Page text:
By Sandy . . . Florida has, according to research information just compiled, slightly over 73,000 individuals on its state sex offender registry. This makes it the state with the second highest number, coming in behind only California, which has well over 100,000 registered sexual offenders.
But this isn’t what earns Florida its unique distinction. It earns that because, of its 73,000 registrants, only between a third and a half of them live in Florida.
Like virtually all the other states, registered visitors, vacationers, and those in Florida temporarily are required to register shortly after entering the state. Unlike in other states, however, they are maintained on the Florida registry when they leave and go back to their home states.
This is specified on the Florida Department of Law Enforcement website in their FAQs for sex offenders. Number 6 says:
- Yes, if an offender or predator is visiting Florida from another state, he or she must report in person to the sheriff’s office within 48 hours of establishing a temporary residence in Florida.
- NOTE: A sexual offender/predator’s information is not removed from the registry’s public website when the sexual offender/predator leaves the state of Florida.
- NOTE: Removal from another state’s registration requirement does not guarantee removal from the requirement to register in Florida.
Additionally, whether in-state or out, registrants are not removed from the Florida registry when they die. The same page of FAQs, #18, reports:
- Sexual offenders/predators reported deceased remain on the website for one year after the date of death as provided on the death certificate. This allows victims, the community, and local law enforcement time to be notified.
One year to allow notification. Is Florida making such notification by snail? In this age where information travels at the speed of light, what would be the justification for this even if it were true?
And it is not.
A former Illinois registrant, Kenneth Simpson, still on the Florida public registry, died in March, 2013. That is almost six years, not one. And Robert Somers, Maryland, died in 2003 and Thomas Freeth of Connecticut in 2000. They are all still on the Florida website.
Perhaps Florida is just not diligent with their out-of-state registrant deaths. Surely they do better with their own.
Nope. Richard Akes, Miami, 2013; John Heard, Florida City, 2001; Darryl McClurkin, Miami-Dade, 2011; Ronald Heath, St. Augustine, 2002.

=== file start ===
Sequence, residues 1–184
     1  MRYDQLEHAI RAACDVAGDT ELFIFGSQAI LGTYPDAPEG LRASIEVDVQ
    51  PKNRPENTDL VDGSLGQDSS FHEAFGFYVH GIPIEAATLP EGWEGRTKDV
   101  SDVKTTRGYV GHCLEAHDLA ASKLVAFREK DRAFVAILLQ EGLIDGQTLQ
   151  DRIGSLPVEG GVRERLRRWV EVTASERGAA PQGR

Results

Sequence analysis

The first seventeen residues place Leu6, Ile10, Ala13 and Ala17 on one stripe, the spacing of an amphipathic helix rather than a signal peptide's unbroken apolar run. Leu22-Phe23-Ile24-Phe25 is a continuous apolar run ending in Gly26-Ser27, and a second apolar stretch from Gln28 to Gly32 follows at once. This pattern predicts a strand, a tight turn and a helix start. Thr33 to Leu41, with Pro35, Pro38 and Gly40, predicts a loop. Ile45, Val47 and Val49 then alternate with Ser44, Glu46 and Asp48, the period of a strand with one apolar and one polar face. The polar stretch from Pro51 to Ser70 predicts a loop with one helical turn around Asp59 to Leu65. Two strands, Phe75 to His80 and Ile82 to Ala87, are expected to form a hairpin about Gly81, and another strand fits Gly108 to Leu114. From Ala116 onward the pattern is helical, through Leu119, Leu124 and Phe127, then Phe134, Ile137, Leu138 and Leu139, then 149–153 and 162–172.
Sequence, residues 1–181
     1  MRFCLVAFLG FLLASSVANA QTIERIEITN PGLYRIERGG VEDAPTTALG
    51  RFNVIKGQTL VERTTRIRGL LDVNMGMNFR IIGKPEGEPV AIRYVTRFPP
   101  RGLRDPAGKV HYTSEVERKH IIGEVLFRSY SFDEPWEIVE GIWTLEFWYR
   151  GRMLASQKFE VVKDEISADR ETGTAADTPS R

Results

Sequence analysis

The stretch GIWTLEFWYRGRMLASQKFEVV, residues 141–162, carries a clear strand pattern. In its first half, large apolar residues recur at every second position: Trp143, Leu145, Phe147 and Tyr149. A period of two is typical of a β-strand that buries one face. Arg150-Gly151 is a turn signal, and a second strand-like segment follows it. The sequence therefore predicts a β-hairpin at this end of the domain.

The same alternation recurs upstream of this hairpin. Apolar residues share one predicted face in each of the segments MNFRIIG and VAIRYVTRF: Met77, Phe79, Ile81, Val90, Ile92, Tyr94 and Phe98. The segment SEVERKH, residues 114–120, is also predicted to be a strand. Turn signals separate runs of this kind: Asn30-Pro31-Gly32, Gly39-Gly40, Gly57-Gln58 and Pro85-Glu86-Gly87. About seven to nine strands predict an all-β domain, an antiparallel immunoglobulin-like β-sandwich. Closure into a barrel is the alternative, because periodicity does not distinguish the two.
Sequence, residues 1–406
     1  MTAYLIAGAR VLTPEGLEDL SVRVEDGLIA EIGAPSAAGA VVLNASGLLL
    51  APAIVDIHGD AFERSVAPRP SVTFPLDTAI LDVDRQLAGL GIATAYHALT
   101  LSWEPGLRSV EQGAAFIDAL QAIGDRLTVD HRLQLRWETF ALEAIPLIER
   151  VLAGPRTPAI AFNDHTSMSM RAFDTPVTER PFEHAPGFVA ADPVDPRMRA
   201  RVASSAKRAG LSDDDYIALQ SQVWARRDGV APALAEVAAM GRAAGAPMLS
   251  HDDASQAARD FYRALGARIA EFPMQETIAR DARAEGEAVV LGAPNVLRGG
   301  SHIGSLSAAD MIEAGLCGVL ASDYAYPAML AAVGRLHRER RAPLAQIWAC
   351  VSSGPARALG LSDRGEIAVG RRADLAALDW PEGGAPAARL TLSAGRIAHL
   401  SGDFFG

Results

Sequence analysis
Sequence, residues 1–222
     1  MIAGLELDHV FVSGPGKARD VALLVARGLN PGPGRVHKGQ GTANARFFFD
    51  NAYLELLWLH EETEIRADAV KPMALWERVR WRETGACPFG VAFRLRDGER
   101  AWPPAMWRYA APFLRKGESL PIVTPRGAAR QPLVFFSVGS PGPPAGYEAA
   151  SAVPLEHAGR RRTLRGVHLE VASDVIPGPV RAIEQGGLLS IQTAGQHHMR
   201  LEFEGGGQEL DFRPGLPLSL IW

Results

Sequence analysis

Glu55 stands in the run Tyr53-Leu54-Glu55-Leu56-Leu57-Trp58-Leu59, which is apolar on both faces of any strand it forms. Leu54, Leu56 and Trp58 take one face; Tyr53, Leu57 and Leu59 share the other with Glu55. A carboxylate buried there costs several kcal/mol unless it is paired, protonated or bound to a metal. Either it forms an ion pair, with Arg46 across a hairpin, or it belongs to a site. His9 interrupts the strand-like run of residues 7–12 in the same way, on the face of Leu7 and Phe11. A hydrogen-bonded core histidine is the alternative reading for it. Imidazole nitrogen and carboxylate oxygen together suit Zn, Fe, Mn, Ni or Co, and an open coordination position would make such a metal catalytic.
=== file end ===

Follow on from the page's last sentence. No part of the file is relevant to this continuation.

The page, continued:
Nor are these cases outliers. Virtually every one I researched, both in and out of Florida, who is deceased, has been so for multiple years.
It seems that Florida really, really likes having its registry bloated with names of individuals from whom no threat or risk of harm is possible.
Florida does something else in the way of getting names on their public database that is almost unheard of.
Virtually every state requires registration of a convicted sex offender whose sentence involves incarceration when the prisoner is released from prison, either immediately before or after the release.
Three states require registration immediately upon conviction, before or as soon as incarceration occurs. Florida is one of the three, with Idaho and Michigan the others.
This was verified in a response to an email I sent to the Florida DLE:
Those with Florida sexual offense convictions are placed on the public registry as soon as FDLE is made aware of their qualifying conviction regardless of whether or not they are incarcerated.
The reasoning behind this is totally unclear.
The rationale behind the public sexual offender registry scheme, even though it has failed miserably in every aspect of its mission, is to give citizens a tool to use in protecting their families from those who have done harm in the past and might be expected to do so again when they are living in the communities.
Florida’s registry, then, presents an enigma.
People who live in other states are kept on Florida’s registry for the rest of their lives even though they pose no threat of harm to Floridians. Even when the requirement to register ends in other states, Florida is highly unlikely to remove such persons from its own registry. In fact, I could find no evidence that they have ever done so. People who are behind bars, some with sentences that assure they will die there, are required to be on Florida’s registry. And finally, those who are dead, both in and out of Florida, are kept on that state’s registry, not just for the one year claimed to be needed to make full notification, but for five, ten, twenty years past their dates of death.
Why has the Florida legislature chosen to create a registration process that increases its own maintenance and verification expenditures and that, even if it had the potential to be helpful, reduces even that slim chance by intermingling those who could possibly do harm to a citizen of Florida with those who would have to drive across the country, break out of prison, or crawl out of a grave to do so?